Fleet Management

Report: Cargo Thieves 'Nuts' About Nuts

May 24, 2016

By Evan Lockridge

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Graph: FreightWatch International
Graph: FreightWatch International

The upcoming harvest season for one particular type of food is expected to get increased attention again from cargo thieves following big jumps in stealing the previous two years.

Nuts have become a sought after commodity for organized cargo thefts because of their high value density per truckload and typically low security protocols, according to a new report by the logistics security services provider FreightWatch International

“Since the harvest season for most commercially grown nuts is from August to September, it stands to reason that the third quarter of each year tends to record the most nuts thefts, as was the case in 2014 and 2015,” the report says.

The third quarters of 2015 and 2014 each accounted for more than a third of all annual U.S. nuts thefts. The thefts carried an average value of $215,719 last year, 65% higher than the average value in 2014.

“Nuts will likely gain in popularity amongst cargo thieves due to their value and lack of serialization or refrigeration needs, unless steps are taken to secure the supply chain and increase security on these shipments,” says the Freightwatch report. “As of the publication of this report, measures are being taken in California to create a law enforcement task force specifically aimed at combating high value Nuts thefts.”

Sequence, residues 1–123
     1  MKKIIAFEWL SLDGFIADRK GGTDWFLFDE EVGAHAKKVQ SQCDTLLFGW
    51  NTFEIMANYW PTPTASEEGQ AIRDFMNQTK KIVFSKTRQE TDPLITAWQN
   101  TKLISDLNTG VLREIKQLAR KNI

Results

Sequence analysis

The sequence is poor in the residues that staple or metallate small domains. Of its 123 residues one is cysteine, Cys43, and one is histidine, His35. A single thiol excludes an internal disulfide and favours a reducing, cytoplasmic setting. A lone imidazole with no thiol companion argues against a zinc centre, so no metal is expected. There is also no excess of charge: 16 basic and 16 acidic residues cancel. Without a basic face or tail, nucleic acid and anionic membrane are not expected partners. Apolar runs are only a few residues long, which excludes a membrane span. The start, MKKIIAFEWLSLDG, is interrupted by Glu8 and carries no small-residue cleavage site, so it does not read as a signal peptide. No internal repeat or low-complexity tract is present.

Geographically, California is the leader in nut theft, accounting for 81% nationwide. Also, because 99% of the country’s walnuts are grown in the state, three of the top 10 agricultural products of California are nuts. With foreign nuts also being imported through the Ports of Long Beach and Los Angeles, it’s clear why the Golden State is the nut theft capital of the country.

Fictitious pickup was by far the most common method of theft, accounting for nearly half of all nut thefts. By comparison, no other product has as high a share of thefts by ficticious pickup, according to the report.

“This fact is indicative of the interest already being shown by organized cargo criminals to obtain this product,” FreightWatch says. “Typical scouting techniques on internet load boards for fictitious pickups, such as high requirements for insurance or team drivers, can be coupled with the unique geography of nuts producers to identify with near certainty the contents of a shipment before the criminal bids on a load. As such, this atypical theft type is particularly well suited towards nuts.”

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